But it takes a while for the team to type the tissue characteristics from a blood sample and enter the data in the donor register. The blood sample moves from device to device and is becoming increasingly small. First the DNA is isolated, then the part of the DNA on which the tissue characteristics are described is copied, processed several times and finally read out overnight. What remains is a picture: A kind of graph with ups and downs, individual places are marked with lines, the lines are labeled with combinations of the letters A, C, G, T. The “genetic fingerprint” of the tissue characteristics. It can also be shown in a table. The table that MTA Katja Müller sees on her computer during a “match”.
You can think of DNA like a thick book
“This entire process of typing is already high-speed today,” explains Marion Ernst-Schlegel. Just isolating the DNA from the blood used to take half a day, today it takes just 23 minutes. “Up until a few years ago we had to do everything by hand in dozens of steps,” says the MTA.
Finding two of the same is the said search for a needle in a haystack. It takes place at the UKGM in close cooperation with the doctors. If a patient in Giessen or Marburg needs a stem cell transplant, the search unit team receives precise information: What disease does the patient have? What is his current state like? How is the transplant planned? Every year the UKGM makes around 90 searches for donors, and across Germany there are around 10,000.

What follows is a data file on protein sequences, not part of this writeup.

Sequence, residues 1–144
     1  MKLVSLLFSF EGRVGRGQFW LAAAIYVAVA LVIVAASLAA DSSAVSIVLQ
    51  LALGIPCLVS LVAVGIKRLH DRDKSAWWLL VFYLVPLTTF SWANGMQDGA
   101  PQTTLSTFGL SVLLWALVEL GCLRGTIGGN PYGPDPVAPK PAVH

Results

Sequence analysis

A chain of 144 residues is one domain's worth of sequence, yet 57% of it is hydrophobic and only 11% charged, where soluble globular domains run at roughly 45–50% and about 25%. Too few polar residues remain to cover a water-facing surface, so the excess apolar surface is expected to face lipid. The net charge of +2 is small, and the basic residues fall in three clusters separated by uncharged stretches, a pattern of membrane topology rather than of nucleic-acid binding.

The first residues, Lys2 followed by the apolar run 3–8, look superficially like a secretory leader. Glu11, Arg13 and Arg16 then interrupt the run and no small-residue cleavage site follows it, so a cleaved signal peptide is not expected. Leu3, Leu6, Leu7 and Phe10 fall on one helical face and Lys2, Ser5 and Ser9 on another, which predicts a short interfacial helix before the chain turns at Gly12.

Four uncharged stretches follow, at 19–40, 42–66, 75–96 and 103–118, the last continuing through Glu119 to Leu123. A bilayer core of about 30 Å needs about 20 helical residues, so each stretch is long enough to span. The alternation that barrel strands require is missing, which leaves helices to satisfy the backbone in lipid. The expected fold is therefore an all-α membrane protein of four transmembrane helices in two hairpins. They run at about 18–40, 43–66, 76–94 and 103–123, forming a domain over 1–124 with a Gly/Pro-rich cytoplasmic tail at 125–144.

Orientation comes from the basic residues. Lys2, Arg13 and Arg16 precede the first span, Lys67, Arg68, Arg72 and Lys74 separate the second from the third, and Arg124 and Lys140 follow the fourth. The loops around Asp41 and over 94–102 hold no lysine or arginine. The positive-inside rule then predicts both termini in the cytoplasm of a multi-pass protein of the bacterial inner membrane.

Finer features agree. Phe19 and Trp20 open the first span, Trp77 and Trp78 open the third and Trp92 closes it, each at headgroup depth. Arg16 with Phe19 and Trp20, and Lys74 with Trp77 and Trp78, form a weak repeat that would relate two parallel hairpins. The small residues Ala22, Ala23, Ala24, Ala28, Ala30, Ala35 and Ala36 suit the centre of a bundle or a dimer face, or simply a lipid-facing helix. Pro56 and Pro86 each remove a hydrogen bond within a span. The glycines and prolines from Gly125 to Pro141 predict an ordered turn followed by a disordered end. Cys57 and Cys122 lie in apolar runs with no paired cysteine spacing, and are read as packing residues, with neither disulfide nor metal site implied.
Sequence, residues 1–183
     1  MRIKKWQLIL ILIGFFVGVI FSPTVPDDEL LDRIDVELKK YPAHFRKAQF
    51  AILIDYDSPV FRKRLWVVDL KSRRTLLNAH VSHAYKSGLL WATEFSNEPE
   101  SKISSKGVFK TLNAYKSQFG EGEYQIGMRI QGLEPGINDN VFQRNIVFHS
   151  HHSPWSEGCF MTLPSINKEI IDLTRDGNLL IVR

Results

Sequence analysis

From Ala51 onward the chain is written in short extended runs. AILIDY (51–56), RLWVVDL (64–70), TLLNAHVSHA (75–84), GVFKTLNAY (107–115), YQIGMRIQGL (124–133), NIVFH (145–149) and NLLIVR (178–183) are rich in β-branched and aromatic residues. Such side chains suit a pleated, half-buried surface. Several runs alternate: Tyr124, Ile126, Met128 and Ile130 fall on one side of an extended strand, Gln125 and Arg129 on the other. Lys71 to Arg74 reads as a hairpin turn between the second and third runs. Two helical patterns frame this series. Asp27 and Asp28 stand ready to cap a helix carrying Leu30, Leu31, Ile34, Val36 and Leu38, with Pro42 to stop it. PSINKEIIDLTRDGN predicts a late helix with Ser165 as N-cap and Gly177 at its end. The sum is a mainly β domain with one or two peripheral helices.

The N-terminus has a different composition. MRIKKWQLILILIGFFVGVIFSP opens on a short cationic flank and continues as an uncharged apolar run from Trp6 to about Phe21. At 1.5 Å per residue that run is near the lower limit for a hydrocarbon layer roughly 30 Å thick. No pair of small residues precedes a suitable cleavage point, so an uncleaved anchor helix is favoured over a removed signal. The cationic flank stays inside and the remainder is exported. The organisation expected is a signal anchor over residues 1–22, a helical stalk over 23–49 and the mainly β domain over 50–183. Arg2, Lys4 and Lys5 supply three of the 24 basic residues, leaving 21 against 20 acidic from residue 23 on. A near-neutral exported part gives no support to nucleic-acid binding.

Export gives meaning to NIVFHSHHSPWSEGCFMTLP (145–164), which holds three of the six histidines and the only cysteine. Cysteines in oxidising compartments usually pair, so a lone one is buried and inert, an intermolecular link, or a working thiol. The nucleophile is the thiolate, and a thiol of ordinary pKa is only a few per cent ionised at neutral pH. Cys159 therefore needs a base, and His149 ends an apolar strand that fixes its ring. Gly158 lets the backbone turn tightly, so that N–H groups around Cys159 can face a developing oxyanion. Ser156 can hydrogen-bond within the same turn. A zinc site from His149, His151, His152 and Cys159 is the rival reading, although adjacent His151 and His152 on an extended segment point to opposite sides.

A successful search is particularly remembered by Katja Müller. Why? She had not looked for a donor, but was “matched” herself as a donor. At that time, Müller immediately agreed: “If someone has a new chance of survival through my stem cell donation, there is no turning back for me – from a moral point of view alone.” Was she afraid? Yes, but the joy of being able to help was greater. She only underestimated the preparation for the donation. For four days, the donors have to inject a so-called growth factor once or twice a day. It ensures that the bone marrow releases stem cells and releases them into the bloodstream. “I knew that pain and flu-like symptoms were normal in this phase. Nevertheless, it was a burden for me, I had the feeling that someone was sitting on my chest, ”said the 43-year-old. The donation itself, on the other hand, was child’s play. Not painful, just a little boring. For five hours, Müller was connected to the apheresis machine, a kind of washing machine that filters the stem cells from the blood. In the crook of each arm a needle with a tube, I couldn’t move. But after the donation, two valuable things remain: a bag with almost 350 milliliters of pure stem cells and a good feeling. “You give little and you can achieve a lot,” is how Müller describes it. Your “match” gave a patient precious life.
Register yourself too
as a donor for the UKGM’s bone marrow donor database! Information at: email@example.com, Tel. 0641-985 41525
Your expert for transfusion medicine:
Dr. Sandra Wienzek-Lischka
Senior Physician, Center for Transfusion Medicine and Hemotherapy at the University Hospital Gießen and Marburg at the Marburg location